http://www.bom.gov.au/climate/ocean/outlooks/archive/20200425//plumes/sstOutlooks.nino34.hr.png

Historically, however, it does seem to matter, at least to a degree. (Note that even 2017 featured La Niña by the peak of the Atlantic hurricane season. If 2020 does not, then its ACE index will likely be substantially lower than that of 2017.) Additionally, if we end up with cool neutral or even plain neutral ENSO—as opposed to weak La Niña—by the peak of the Atlantic hurricane season in ASO, then we may also see a weaker subtropical ridge that results in more storms curving out to sea instead of striking the mainland U.S., given that the -PDO signature—which tends to favour West-Coast troughs and East-Coast ridges—typically tends to be less pronounced in neutral ENSO vs. La Niña. Given current oceanic-atmospheric trends, even weak Niña conditions seem unlikely by the peak of the hurricane season, so not only will the “hyperactive” (as opposed to slightly-above-average) forecasts likely bust on the high side, but the forecasts for steering currents may also prove incorrect.

The prediction is for 19.8 +/- 4.4 total named tropical cyclones, which corresponds to a range between 15 and 24 storms, with a best estimate of 20 named storms. ... If no La Niña develops (by the peak of the Atlantic hurricane season — ed.), then the prediction will be slightly lower: 18.3 +/- 4.3 storms (range of 14-23 storms, with a best guess of 19).

PSU’s 2020 ATL hurricane forecast

Note the significant drop in total NS (from 19.8 to 18.3) simply by having cool neutral ENSO instead of weak La Niña by ASO.


According to the CPC, the ONI for ASO 2017 actually came in at cool-neutral (-0.4). The transition to full-blown La Niña didn't occur until later.

https://i.ibb.co/G7VtfQS/ASO2017.png

Also, the graphic posted earlier from WeatherTiger does indicates that, on average, seasons that occur during cool-neutral ENSO (and even warm-neutral in some cases) can actually produce more activity than seasons that occur during stronger La Niñas.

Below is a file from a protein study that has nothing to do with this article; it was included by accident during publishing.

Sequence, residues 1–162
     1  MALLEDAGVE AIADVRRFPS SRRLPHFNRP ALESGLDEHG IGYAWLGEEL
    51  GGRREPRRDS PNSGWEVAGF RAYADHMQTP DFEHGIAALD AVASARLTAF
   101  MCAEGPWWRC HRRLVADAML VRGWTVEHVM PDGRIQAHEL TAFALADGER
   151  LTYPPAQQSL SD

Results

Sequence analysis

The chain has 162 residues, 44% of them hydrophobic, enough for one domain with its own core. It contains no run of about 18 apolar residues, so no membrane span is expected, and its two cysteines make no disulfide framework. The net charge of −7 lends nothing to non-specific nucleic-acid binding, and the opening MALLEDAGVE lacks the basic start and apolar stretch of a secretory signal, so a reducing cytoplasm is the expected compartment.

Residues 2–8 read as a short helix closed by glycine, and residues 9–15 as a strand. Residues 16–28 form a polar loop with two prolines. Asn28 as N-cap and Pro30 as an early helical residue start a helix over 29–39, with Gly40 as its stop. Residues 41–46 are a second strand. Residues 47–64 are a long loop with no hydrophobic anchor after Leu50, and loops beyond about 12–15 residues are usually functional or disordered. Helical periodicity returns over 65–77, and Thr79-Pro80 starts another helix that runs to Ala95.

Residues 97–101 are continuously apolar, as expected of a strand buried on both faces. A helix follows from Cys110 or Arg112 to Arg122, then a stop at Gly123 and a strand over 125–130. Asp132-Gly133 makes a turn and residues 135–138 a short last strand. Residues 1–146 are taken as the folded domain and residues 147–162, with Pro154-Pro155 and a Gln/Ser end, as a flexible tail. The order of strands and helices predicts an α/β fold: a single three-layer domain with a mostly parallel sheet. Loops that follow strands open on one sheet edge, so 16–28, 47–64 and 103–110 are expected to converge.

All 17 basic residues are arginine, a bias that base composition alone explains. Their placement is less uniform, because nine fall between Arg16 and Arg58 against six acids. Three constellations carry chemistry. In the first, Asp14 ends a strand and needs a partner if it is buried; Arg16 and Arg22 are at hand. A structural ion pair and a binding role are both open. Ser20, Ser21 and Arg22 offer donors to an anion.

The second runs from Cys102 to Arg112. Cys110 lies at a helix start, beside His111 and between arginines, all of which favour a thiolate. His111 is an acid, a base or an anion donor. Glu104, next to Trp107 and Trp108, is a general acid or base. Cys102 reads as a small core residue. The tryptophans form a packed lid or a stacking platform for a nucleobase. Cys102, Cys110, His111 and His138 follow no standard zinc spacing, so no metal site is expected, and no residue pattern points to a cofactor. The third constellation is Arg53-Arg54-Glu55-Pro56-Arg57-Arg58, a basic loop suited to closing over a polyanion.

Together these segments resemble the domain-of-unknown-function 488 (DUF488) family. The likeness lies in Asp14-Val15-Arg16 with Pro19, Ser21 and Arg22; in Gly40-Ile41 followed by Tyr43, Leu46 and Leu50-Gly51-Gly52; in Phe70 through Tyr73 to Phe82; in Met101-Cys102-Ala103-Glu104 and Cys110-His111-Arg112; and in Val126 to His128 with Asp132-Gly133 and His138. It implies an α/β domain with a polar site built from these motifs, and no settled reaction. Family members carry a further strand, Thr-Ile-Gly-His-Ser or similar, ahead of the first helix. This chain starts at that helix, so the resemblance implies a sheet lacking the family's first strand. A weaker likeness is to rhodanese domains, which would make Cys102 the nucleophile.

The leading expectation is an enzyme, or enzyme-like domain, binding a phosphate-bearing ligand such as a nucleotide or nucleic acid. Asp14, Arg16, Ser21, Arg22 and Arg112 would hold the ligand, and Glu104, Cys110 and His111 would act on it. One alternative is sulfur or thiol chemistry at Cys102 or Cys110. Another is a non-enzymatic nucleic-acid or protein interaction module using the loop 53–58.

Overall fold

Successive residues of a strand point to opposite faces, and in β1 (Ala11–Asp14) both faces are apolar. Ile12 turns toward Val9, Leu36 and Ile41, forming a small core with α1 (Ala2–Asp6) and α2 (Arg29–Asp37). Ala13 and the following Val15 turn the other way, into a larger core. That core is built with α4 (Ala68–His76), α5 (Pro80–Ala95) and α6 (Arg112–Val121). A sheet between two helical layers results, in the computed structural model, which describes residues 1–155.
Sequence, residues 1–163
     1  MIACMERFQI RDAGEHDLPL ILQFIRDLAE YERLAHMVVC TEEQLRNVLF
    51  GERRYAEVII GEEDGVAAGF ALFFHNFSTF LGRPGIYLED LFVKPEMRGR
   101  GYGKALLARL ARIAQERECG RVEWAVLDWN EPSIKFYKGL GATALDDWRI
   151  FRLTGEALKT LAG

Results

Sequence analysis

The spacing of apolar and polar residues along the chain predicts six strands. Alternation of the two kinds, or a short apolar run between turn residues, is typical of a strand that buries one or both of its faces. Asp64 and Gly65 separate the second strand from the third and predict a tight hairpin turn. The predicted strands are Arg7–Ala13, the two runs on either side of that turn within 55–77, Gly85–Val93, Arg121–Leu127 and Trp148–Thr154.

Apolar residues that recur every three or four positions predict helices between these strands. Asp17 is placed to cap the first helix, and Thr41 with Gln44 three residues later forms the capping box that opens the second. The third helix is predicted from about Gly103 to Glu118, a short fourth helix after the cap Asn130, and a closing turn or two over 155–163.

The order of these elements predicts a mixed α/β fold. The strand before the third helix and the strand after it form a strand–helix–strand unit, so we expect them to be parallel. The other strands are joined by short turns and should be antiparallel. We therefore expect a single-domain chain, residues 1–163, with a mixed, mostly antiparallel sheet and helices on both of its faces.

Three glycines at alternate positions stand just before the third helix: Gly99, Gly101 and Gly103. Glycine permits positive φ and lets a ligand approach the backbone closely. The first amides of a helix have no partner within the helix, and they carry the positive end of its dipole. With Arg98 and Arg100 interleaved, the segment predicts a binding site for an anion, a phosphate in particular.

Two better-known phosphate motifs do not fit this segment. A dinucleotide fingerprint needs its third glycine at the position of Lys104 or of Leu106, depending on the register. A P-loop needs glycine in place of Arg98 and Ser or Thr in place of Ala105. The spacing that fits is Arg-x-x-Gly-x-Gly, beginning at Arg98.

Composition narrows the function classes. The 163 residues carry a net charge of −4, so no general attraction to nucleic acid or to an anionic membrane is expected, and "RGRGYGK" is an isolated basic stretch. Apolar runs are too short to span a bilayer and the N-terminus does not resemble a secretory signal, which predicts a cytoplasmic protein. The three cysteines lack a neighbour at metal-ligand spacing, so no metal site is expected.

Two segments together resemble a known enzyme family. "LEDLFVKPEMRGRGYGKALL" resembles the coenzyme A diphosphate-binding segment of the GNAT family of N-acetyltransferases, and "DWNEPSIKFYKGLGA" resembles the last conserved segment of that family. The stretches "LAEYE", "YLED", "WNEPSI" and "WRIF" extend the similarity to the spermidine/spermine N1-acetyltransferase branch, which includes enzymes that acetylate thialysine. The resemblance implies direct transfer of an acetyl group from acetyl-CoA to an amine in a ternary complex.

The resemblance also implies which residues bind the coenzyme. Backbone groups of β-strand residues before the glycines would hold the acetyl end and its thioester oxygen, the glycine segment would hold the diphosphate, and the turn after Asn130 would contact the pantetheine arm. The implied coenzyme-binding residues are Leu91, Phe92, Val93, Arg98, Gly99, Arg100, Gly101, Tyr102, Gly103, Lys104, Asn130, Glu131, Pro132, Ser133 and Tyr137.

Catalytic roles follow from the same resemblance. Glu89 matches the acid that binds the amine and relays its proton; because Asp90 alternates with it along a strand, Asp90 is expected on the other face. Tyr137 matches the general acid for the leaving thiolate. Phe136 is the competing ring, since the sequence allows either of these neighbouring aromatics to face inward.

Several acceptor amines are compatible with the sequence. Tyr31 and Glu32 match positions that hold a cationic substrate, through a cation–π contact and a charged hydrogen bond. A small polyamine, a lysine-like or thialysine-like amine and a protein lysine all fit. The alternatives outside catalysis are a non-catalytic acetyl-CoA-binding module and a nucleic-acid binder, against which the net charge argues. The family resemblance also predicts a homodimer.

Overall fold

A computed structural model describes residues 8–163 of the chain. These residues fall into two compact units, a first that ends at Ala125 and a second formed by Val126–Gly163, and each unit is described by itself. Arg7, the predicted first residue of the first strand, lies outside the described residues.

The mean ENSO anomaly from the BOM graphic is -0.8 C by ASO, which is comparable to that of 2011 (-0.7 C) and 2016 (-0.6 C). 2011 was a hyperactive year in terms of named storms and had an ACE of 125, while 2016 was more of a “quality > quantity” active season with an ACE of 141. While this would seem to show decreasing ACE with a stronger La Niña, this is a very small sample size and two very different scenarios. 2011 was coming off of a strong La Niña (-1.6 at ASO), while 2016 transitioned to a weak La Niña after an extremely strong El Niño (peak anomaly of +2.6 C). 2020, by comparison, is projected to gradually reach a similar ENSO anomaly by ASO after only a weak El Niño.

I’m not exactly sure what this could mean for activity in 2020 compared to 2011 and 2016, but I thought this was worth pointing out. I’m thinking hurricane and major hurricane totals will be slightly higher than 7/4 in both 2011 and 2016 because of a potentially broiling Gulf and a favorable MDR, but at this point, it’s all up in the air (no pun intended).
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Re: ENSO Updates

#11458 Postby cycloneye » Tue Apr 28, 2020 12:11 pm

As all the models are showing and the comments from some members that there will not be El Niño in 2020 I wanted to add a little more humor by showing this. :D

Image